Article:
Friday, April 22, 2022

William S. Barstow

TL;DR -- As we look at how New England grew up and expanded, our focus will always contain families as well as the more abstract notions that are always involved after being conjured up by the brains. That is an universal dynamic. A look at one family and a town with their name brought up some "notables who lived there" lists that led to specific companies and activities. Of course, associations over the years accumulate to an almost endless potential for research. Filters, such as relevance, then kick in. But, for lessons to learn, an "a priori" position is almost never sufficient. 


For now, we'll just have some pointers to material that will support further research. Essentially, while looking at the upcoming 250th, with respect to origins (say, the Society of Cincinnati), we got back to New Hampshire. So, we can tie Patriots back to Cape Ann and other sites. Per usual, families are key in their many relationships over the decades and centuries. 

One of the Founders of the Society was a Gilman which is an early family, but later than Cape Ann. However, they are mixed in everywhere. For focus, we can start with Gilmanton which is a NH burg west of Exeter (btw, the researcher is a westerner used to wide-open skies (east is east, and west is west), so directions with respect to the geographic features of New England are to be considered fuzzy). Let's use two books:

The History of Gilmanton - from 1845, this can be read for free at Google. The opening index reads like a who-is-who. Pg 20 has a list of the Proprietors with a little bit of information about each. Some families, such as Cogswell (pg 258 on), Dudley and Eastman, give a little history of their colonial experience.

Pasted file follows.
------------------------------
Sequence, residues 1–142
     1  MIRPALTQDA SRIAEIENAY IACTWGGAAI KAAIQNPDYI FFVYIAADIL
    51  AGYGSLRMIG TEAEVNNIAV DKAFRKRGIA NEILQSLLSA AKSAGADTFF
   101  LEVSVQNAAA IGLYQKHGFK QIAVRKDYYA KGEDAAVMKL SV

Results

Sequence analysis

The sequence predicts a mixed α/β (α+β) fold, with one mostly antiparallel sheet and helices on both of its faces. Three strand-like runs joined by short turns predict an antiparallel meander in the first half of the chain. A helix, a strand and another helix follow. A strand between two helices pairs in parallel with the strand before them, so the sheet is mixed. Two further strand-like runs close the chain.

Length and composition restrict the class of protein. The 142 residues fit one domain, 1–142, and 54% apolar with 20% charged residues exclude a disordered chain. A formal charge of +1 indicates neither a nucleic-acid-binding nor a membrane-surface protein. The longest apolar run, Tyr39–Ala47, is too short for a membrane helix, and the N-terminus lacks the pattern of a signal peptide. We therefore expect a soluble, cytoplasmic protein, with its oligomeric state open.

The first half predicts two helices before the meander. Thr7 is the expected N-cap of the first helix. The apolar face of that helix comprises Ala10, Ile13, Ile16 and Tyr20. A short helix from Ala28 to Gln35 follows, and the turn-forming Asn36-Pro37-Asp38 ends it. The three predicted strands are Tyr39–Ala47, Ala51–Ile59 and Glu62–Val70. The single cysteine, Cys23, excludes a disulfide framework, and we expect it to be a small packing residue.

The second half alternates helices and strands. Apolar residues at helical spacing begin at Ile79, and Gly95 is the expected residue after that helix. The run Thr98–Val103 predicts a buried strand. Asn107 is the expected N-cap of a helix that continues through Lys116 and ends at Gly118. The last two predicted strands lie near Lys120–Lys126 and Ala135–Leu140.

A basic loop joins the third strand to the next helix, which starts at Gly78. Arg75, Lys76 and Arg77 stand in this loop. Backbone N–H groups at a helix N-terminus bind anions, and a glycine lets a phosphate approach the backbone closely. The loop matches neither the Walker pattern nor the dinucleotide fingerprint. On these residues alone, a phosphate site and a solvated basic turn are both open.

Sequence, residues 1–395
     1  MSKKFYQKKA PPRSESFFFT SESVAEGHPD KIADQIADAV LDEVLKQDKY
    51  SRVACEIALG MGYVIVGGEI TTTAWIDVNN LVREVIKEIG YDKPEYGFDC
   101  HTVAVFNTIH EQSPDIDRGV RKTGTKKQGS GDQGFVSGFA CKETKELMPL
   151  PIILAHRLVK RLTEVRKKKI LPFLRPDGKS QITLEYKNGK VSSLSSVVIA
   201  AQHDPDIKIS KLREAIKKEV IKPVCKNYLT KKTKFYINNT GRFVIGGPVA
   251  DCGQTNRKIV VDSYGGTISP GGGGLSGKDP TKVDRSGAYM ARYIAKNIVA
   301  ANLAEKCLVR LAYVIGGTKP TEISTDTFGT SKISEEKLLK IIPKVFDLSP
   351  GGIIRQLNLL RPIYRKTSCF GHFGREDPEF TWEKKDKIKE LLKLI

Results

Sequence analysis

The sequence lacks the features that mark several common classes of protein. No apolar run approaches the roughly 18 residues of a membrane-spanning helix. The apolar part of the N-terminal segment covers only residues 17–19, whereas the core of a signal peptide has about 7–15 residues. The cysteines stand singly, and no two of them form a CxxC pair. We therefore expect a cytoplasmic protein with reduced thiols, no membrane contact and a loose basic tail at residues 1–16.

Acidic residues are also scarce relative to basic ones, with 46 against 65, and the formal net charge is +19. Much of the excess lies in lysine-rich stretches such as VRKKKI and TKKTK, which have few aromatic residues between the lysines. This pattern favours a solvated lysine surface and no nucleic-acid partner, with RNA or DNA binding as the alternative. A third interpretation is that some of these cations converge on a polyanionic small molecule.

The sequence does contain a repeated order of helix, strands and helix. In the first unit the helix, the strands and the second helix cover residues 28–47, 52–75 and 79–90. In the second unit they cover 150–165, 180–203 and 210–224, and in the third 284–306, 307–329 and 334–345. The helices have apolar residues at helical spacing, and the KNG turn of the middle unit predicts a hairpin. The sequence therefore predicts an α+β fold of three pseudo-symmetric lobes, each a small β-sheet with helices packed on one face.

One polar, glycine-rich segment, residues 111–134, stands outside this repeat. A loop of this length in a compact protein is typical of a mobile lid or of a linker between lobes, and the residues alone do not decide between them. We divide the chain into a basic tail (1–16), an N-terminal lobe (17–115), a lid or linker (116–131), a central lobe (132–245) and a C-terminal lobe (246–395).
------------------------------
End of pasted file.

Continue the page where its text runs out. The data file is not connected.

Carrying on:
Genealogy of the Greely-Greeley Family - from 1905, gives lots of detail in 911 pages. Access to this got us information about General A. W. Greeley whose crew was left in the Artic. He was a descendant of Sarah (Gardner) Balch. The team that later rescued what was left of his crew had one ship captained by a Coffin who Richard Gardner and Sarah Shattuck. This book has more information about how Gilmanton families relate. Again, freely readable. 

Now, taking this further, we mentioned Eastman who founded Eastman Kodak, now known as Kodak. As well, there was an Eastman Chemical company. Eastman's New York connections will be of interest, as well as those in other places in the U.S. and the world. 

For instance, following links are about a company founded by New Englanders who went south to New York. On looking further, there was Essex County involvement, as well. 

Three Mile Island
plant fact sheet
Gilbert was an engineering company that got caught up in the Three Mile Island incident but not in a direct fashion with their product. They were a consulting architect. So, this type of situation is worth looking at further, especially since there is a New England association. 

Too, we learn from history; bringing in family information is a new aspect; how all of the types of research that used digital sources pan out is an open issue and will be for a long while. 


After Gilbert Associates failed, many employees started new companies using the name. However, this link from a report by Oak Ridge indicates the work of the former company: Feasibility of an unattended nuclear power plant. The image is from a Fact Sheet that mentions Gilbert Associates with respect to Three Mile Island.  


A few more links give a brief overview of the transitions of the Company. The technology connection is interesting along with the New England originators of some involved parties. However, these links are to show the inception of the last name. 

  • 1934 (NYTimes) - Barstow changes name to E. M. Gilbert Engineering Corporation. This was the manager who came in after Barstow. 
  • 1936 (Department of Labor lawsuit) - Shows both names.  
  • 1942 (Federal Register, NYTimes) - Now Gilbert Associates; notice of lawsuit (July); then, action dropped(August) due to actions by parties concerned. 

Example of several things related to technology, complexity, information and more. Views of history and family interleave. 

Remarks: Modified: 04/23/2022

04/22/2022 -- On two of the links, the paper might have seen our query as resurrecting a page that was to go stale. Or, on closer look, there may be a subscriber step involved.  So, added a reference from Oak Ridge National Laboratory with references to Gilbert Associates as well as pointed to a Fact Sheet about the facility. 

04/23/2022 -- Added notes about the Company's transitions. Next, we'll look for some specifics of the New England ties as well as notice of the GA designs for components for nuclear plants. It would be interesting to see all of the offshoots from this one business. 

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